The Canada Revenue Agency (CRA) has reminded Canada Pension Plan (CPP) users before 2020 ends of the upcoming year’s contribution limits. The maximum pensionable earnings for 2021 will be $61,600, or a 4.9% increase from the $58,700 in 2020.
Furthermore, the employee and employer contribution rates will rise for the third time in as many years. For 2021, the rate is 5.45% from 5.25% this year. If you’re employed, it means lower take-home pay again. Self-employed individuals will see their incomes drop by 10.9% because of a higher contribution rate.
Midway of CPP enhancements
The CPP enhancements are ongoing. It would be at the midway point next year of phase one that began in January 2019 and ends in 2023. The total increase in employer and employee contribution rates over five years is 1%. The 2021 maximum pensionable earnings (YMPE) will increase to $61,600 due to the new rates.
An employee’s net paycheque will erode by as much as $600 once phase one is complete or fully implemented. The amount is $1,200 or double for the self-employed. In phase two (2024 to 2025), the second earnings limit beyond the YMPE kicks in. It will be called the year’s additional maximum pensionable earnings (YAMPE).
The YAMPE begins at 107% of the 2024 YMPE then moves up 114% in 2025. After which, the same standard indexation factor applies, although two thresholds will be indexed separately. Employer and employee contribution rates up to the YMPE remain at 5.95%, while the YMPE and YAMPE is 4% each. For employers, all contributions are deductible.
In the third quarter 2020 fiscal sustainability report by the Parliamentary Budget Officer (PBO), more CPP changes might occur after the current enhancement process. The PBO estimates that increased contributions or reduced benefits equivalent to 0.1% of GDP may be required to sustain the plan.
Sizeable CPP supplement
Canadians maintaining a Registered Retirement Savings Plan (RRSP) are on the right track towards retirement. Because the CPP pension will not be enough, you need other sources of retirement. As a tax-deferred investment account, money growth in your RRSP is tax-free. Taxes are due only when you withdraw the funds.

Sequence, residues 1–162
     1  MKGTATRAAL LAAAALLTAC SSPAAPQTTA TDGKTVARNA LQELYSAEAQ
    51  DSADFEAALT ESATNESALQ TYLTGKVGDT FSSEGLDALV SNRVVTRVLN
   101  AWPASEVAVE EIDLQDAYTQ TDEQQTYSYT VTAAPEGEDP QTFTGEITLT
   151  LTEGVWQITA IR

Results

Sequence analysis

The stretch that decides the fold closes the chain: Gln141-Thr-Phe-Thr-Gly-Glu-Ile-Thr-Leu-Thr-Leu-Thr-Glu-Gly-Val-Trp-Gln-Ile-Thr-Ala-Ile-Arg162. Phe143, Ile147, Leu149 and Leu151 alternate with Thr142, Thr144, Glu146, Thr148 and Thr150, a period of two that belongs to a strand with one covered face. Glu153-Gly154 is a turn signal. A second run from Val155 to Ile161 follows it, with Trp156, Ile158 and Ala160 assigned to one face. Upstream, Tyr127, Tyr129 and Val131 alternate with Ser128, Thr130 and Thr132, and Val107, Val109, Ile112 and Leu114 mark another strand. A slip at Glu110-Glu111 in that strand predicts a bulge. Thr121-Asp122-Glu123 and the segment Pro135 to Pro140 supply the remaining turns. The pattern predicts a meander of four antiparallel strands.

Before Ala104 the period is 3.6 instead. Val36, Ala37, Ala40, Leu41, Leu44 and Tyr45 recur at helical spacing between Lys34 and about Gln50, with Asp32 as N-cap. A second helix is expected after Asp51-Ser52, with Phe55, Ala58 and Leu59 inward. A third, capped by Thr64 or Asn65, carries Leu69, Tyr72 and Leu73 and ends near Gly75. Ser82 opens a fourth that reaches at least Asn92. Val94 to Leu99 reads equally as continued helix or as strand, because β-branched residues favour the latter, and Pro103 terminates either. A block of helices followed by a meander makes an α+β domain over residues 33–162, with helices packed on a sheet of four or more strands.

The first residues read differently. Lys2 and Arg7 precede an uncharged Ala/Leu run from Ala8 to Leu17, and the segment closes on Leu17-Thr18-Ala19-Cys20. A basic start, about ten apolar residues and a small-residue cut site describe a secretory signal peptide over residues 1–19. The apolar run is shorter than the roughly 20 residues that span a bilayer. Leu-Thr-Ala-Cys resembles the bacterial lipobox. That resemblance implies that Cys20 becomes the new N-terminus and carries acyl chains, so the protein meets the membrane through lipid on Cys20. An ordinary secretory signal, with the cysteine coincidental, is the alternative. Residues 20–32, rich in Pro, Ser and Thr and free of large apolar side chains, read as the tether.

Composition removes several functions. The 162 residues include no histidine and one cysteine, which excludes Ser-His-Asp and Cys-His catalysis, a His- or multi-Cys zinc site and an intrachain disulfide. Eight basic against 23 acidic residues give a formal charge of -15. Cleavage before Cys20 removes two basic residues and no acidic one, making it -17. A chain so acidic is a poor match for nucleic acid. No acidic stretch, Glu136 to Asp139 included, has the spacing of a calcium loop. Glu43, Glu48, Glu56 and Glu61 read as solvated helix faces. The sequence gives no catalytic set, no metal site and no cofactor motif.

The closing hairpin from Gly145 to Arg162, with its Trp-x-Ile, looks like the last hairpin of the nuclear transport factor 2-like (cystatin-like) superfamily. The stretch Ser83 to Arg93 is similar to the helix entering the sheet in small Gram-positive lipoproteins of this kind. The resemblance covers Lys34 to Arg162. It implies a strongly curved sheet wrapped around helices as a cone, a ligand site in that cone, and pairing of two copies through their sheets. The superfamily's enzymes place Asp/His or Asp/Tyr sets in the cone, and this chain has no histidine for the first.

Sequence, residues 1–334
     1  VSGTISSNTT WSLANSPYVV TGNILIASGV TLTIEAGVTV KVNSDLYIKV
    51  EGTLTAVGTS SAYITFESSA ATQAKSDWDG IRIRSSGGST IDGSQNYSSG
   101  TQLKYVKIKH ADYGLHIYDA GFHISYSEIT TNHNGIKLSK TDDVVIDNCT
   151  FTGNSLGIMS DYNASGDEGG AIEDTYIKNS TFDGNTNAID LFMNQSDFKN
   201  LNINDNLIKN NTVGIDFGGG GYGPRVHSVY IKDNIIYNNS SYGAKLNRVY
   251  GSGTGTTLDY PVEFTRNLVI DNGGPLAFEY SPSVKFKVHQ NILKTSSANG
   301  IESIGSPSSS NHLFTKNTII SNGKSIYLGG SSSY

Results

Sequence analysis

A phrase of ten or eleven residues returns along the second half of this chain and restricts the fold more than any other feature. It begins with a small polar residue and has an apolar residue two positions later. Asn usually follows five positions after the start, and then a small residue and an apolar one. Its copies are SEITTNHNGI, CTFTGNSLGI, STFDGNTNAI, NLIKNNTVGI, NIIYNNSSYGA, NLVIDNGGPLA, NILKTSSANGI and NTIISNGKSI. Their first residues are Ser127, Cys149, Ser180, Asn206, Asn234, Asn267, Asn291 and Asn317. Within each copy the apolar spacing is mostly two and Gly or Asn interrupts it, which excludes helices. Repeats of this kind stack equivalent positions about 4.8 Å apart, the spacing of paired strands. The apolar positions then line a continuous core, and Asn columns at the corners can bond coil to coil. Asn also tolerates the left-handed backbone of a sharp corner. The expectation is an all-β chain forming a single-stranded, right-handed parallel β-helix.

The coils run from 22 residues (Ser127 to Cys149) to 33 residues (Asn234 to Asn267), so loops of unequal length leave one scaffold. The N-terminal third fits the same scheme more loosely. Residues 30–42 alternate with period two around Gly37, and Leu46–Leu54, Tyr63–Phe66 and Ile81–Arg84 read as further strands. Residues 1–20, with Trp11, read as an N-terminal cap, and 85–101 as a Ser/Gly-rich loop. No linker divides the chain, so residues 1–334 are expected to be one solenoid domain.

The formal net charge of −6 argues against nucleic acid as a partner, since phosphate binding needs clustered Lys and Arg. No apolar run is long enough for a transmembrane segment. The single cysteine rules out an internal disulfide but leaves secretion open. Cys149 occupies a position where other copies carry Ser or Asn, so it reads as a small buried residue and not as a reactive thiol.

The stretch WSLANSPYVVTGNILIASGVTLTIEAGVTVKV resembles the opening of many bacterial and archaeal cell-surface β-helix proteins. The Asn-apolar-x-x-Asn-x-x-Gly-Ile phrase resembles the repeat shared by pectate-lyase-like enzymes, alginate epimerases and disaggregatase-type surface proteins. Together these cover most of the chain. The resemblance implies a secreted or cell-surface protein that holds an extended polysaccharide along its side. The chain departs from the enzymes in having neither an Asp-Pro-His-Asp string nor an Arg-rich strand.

If you want a sizable, pension-like income, consider investing in Bank of Nova Scotia (TSX:BNS)(NYSE:BNS), or Scotiabank. The third-largest bank in Canada offers a 5.3% dividend, currently the highest yield in the banking sector. A $75,000 initial position will generate $3,975 in recurring annual passive income.
Assuming Scotiabank’s dividend offer remains constant and you keep reinvesting the dividends, your capital will be worth $210,682.61 in 20 years. The bank’s market capitalization stands at $82.31 billion. Its competitive advantages are a solid balance sheet and strong liquidity. More so, the dividend track record is an incredible 188 years. Invest in Scotiabank and hold the blue-chip stock forever.
CPP users might have to adjust their budgets because of the increasing deductions in seven years. Also, CPP contributions are mandatory for employers and employees. You can consider your contributions as forced savings on your part. Over the long term, the enhancements should increase the CPP income replacement level from 25% to 33%. Thus, the reward for reduced take-home pay and belt-tightening today is higher pension income when you retire.
Speaking of the take-home pay of CPP users declining again in 2021 due to the ongoing pension enhancements...
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Fool contributor Christopher Liew has no position in any of the stocks mentioned. The Motley Fool recommends BANK OF NOVA SCOTIA.